Windsor Locks Police Officers Credited With Saving Boy Having Asthma attack

Chances are, you or someone you know has asthma. You may have even seen firsthand someone gasping for air while suffering an asthma attack.

“The number of people with asthma continues to grow. One in 12 people (about 25 million, or 8% of the U.S. population) had asthma in 2009, compared with 1 in 14 (about 20 million, or 7%) in 2001,” The American Academy of Allergy, Asthma, and Immunology stated, citing the World Health Organization.

But now smart inhalers are pinpointing areas where asthma may be more prevalent.

An initial study involving 300 participants equipped with these smart inhalers demonstrated that the inhalers helped the participants to have greater control over their asthma, according to an article in The Courier-Journal.

Local air quality was also being examined through their use.

The article reports on the second phase of the study with the Robert Wood Johnson Foundation. The Institute for Healthy Air, Water and Soil is now recruiting employees of local companies, as well as individuals, to use Propeller Health emergency inhalers. These inhalers are equiped to track location and how frequently they are used.

Ted Smith, executive director of the institute, said this about the initial phase. "Propeller Health took a look at all the attacks they recorded, and all the places and compared that with pollution, temperature, humidity, time of year, time of day, land characteristics, proximity to busy roads, and pollution sources."

Some of the results included asthma attacks happening in areas that Smith described as “highly clustered,” as well as in some hot spots along some freeways and in close proximity to industrial plants. Attacks, it was noted, were not happening where the participants lived.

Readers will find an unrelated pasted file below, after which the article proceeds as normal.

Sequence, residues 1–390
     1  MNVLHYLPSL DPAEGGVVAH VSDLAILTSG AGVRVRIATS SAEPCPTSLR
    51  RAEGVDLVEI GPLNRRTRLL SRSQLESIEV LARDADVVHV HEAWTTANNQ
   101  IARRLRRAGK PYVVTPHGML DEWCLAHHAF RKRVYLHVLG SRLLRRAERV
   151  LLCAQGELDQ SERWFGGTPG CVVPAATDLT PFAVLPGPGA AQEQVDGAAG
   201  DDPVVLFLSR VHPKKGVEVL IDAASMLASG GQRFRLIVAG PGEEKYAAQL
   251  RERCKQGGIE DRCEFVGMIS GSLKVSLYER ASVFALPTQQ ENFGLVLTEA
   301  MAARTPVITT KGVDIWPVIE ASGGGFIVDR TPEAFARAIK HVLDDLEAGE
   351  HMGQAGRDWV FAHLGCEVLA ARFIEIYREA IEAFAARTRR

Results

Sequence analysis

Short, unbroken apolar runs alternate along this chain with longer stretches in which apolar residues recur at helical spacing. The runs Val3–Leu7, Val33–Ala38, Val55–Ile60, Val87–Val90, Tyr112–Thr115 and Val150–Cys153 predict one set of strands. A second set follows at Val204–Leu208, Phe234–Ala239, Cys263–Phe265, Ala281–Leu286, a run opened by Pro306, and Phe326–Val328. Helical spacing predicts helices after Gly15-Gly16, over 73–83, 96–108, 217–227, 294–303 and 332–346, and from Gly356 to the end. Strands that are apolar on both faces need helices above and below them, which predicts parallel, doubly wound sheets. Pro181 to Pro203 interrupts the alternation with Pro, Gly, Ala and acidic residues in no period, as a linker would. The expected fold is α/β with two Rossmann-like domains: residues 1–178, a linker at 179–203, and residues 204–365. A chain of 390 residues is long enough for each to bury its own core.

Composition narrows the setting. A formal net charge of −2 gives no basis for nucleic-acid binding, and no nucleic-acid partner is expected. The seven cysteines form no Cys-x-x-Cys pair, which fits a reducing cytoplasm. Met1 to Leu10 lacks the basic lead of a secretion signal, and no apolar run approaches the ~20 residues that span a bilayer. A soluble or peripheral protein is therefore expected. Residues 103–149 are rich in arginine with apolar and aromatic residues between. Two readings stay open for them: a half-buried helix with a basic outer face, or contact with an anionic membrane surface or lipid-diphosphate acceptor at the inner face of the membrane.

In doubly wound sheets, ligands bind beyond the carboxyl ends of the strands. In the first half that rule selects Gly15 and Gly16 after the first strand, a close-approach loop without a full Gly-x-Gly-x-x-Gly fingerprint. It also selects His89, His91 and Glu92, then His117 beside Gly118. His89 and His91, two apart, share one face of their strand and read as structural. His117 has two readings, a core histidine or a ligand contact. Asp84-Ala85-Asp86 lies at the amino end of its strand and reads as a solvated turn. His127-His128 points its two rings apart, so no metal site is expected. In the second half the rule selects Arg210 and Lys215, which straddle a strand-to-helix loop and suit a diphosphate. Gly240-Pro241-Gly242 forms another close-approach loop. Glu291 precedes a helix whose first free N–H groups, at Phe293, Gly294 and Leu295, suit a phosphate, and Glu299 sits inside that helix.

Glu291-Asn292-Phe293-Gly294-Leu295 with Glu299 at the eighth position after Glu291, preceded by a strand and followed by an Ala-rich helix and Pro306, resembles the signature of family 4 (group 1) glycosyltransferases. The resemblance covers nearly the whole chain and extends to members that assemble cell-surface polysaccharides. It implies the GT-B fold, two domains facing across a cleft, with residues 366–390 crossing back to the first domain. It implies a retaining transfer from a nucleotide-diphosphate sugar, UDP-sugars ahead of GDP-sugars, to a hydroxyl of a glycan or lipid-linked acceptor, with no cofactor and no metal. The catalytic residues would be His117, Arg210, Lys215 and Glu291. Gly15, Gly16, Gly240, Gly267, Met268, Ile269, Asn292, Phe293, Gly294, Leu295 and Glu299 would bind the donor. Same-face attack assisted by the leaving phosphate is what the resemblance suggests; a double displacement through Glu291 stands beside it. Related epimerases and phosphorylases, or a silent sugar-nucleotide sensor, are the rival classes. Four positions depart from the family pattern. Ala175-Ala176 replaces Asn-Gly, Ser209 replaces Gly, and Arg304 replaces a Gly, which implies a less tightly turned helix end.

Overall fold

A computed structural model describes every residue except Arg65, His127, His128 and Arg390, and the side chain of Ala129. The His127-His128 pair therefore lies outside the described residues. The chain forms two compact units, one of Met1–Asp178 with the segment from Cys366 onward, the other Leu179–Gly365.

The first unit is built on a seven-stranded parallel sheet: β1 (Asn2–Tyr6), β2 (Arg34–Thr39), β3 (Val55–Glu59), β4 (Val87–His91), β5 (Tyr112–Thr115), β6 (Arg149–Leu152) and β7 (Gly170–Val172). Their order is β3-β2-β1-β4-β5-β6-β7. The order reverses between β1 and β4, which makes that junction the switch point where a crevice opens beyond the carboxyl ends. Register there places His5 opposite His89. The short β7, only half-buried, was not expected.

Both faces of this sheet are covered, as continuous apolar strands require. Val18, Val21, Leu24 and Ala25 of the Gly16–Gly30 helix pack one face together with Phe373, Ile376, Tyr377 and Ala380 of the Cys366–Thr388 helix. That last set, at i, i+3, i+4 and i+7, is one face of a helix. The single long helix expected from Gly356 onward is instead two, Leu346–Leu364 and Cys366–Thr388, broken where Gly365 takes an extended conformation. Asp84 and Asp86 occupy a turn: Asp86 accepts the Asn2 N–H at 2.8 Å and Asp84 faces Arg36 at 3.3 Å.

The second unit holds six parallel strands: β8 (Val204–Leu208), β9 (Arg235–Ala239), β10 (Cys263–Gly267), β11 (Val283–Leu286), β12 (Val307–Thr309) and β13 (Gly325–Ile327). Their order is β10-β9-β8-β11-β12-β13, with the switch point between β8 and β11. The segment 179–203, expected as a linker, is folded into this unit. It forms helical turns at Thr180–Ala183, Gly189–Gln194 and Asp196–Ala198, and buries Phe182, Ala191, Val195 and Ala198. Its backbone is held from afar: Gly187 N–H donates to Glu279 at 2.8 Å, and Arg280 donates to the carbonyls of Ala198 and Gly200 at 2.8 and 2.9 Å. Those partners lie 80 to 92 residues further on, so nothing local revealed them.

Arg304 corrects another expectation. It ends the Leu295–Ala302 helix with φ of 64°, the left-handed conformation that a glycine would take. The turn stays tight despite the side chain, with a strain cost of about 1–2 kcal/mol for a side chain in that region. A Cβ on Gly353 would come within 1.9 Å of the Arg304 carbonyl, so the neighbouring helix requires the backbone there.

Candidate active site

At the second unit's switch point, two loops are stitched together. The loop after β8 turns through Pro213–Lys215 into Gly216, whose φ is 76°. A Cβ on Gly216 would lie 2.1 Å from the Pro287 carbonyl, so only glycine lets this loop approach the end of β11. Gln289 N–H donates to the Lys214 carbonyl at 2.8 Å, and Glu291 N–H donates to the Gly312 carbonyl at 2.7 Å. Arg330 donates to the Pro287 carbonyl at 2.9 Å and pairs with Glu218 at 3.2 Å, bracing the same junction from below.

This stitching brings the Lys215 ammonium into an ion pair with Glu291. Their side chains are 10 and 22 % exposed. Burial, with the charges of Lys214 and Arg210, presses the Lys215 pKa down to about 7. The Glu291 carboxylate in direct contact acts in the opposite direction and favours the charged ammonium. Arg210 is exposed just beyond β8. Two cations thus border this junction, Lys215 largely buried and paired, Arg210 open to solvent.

Data such as this can help pinpoint high risks areas where localized pollution could be targeted for reduction.

According to an article in Scientific American, a device and data-monitoring system was approved by the U.S. Food and Drug Administration two years ago. This type of device-driven data gathering is called Asthmapolis.

Chances are, you or someone you know has asthma. You may have even seen firsthand someone gasping for air while suffering an asthma attack.

“The number of people with asthma continues to grow. One in 12 people (about 25 million, or 8% of the U.S. population) had asthma in 2009, compared with 1 in 14 (about 20 million, or 7%) in 2001,” The American Academy of Allergy, Asthma, and Immunology stated, citing the World Health Organization.

But now smart inhalers are pinpointing areas where asthma may be more prevalent.

An initial study involving 300 participants equipped with these smart inhalers demonstrated that the inhalers helped the participants to have greater control over their asthma, according to an article in The Courier-Journal.

Local air quality was also being examined through their use.

The article reports on the second phase of the study with the Robert Wood Johnson Foundation. The Institute for Healthy Air, Water and Soil is now recruiting employees of local companies, as well as individuals, to use Propeller Health emergency inhalers. These inhalers are equiped to track location and how frequently they are used.

Ted Smith, executive director of the institute, said this about the initial phase. "Propeller Health took a look at all the attacks they recorded, and all the places and compared that with pollution, temperature, humidity, time of year, time of day, land characteristics, proximity to busy roads, and pollution sources."

Some of the results included asthma attacks happening in areas that Smith described as “highly clustered,” as well as in some hot spots along some freeways and in close proximity to industrial plants. Attacks, it was noted, were not happening where the participants lived.

Data such as this can help pinpoint high risks areas where localized pollution could be targeted for reduction.

According to an article in Scientific American, a device and data-monitoring system was approved by the U.S. Food and Drug Administration two years ago. This type of device-driven data gathering is called Asthmapolis.

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